Embedding agroecology’s soil care principle in the urbanised society: the case of Flanders

Hans Vandermaelen, Michiel Dehaene, Chiara Tornaghi, Elke Vanempten

Onderzoeksoutput: Bijdrage aan congresGepubliceerd abstract

Uittreksel

In recent years, challenges such as climate change adaptation and dealing with the biodiversity crisis have drawn
the attention of the urbanised society on the importance of soil stewardship. We believe agroecological farmers
and food growers could play an important role, as the care for living soils is a fundamental principle in
agroecology. However, current urbanisation dynamics deeply affect this potential. In the context of the food
disabling city (Tornaghi, 2017), living soils are actively destroyed, and soil care is not mandatory, not common,
nor structurally valued or supported. To overcome this deadlock, we need to (re)value the metabolic agency of
agroecological practices within dynamics of urbanisation.

In this paper, we examine to what extent soil care is embedded in the regulation of land use and soil use in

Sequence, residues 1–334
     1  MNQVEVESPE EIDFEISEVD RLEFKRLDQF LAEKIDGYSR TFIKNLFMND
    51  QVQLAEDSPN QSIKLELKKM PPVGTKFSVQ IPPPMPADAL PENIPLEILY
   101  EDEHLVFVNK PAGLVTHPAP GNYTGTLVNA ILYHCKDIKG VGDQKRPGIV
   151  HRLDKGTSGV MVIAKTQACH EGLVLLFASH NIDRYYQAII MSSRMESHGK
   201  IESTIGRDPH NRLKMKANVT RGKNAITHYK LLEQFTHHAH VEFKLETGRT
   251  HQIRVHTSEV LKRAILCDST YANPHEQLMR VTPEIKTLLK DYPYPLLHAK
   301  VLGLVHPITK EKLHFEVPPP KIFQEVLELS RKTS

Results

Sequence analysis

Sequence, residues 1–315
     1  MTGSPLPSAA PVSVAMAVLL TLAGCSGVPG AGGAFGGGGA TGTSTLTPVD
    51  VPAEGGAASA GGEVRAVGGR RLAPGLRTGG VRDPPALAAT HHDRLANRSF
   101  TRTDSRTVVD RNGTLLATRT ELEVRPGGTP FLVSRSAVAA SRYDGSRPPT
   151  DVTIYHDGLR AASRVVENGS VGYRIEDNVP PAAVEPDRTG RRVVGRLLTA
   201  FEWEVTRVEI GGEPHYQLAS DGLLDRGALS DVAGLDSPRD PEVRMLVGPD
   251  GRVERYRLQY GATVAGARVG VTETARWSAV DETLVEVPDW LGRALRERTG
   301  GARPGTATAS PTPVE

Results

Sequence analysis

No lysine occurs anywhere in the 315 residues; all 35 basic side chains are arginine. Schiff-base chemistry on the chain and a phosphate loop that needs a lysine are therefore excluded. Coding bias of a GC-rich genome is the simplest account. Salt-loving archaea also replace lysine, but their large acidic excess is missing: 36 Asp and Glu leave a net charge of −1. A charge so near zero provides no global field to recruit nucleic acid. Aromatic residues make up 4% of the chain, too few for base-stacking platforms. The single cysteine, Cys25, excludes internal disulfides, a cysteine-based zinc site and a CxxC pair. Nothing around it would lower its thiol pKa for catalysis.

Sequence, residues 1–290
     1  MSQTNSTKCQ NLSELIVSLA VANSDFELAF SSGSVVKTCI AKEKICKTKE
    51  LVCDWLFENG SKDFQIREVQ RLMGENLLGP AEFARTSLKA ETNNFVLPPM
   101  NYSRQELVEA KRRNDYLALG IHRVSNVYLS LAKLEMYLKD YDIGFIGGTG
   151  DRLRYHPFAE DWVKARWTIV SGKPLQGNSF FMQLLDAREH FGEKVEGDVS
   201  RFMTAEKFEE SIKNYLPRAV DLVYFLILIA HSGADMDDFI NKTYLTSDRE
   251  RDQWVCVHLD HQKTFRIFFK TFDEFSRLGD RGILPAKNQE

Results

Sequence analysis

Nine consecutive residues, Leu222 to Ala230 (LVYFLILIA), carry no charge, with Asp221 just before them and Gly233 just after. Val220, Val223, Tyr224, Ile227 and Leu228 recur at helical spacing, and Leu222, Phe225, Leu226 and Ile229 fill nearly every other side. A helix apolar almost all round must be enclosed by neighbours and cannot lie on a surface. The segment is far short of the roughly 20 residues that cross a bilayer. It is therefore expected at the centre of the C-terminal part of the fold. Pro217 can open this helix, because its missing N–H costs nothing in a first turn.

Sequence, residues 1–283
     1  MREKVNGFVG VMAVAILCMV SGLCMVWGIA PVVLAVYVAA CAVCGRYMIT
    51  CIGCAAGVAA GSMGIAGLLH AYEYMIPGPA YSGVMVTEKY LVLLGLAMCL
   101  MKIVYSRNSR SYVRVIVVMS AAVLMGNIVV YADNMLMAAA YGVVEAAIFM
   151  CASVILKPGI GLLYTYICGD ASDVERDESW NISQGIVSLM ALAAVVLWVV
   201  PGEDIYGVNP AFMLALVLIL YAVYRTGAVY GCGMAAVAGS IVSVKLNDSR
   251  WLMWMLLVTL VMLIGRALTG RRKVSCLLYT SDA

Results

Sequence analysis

Flanders (Belgium). We use an agroecological farmers perspective to think beyond the residual embedding of
soil care, and to begin to re-politicise the soil issue. We develop a critique of the post-political nature of existing
policies and recent attempts to put the soil issue back on the agenda. Our analysis shows that the attention for
soil care in the regulation of land and soil use in Flanders is limited, fragmented and not coherent. We conclude
that urbanism and food planning can play an important role in enabling soil care, but this will require active
engagement in the re-politicisation of soils. We make the case that such politicising work could start by giving a
voice to agroecological farmers and food growers within soil policy arenas.
TaalEngels
Pagina's200-204
Aantal pagina's5
StatusGepubliceerd - nov-2019

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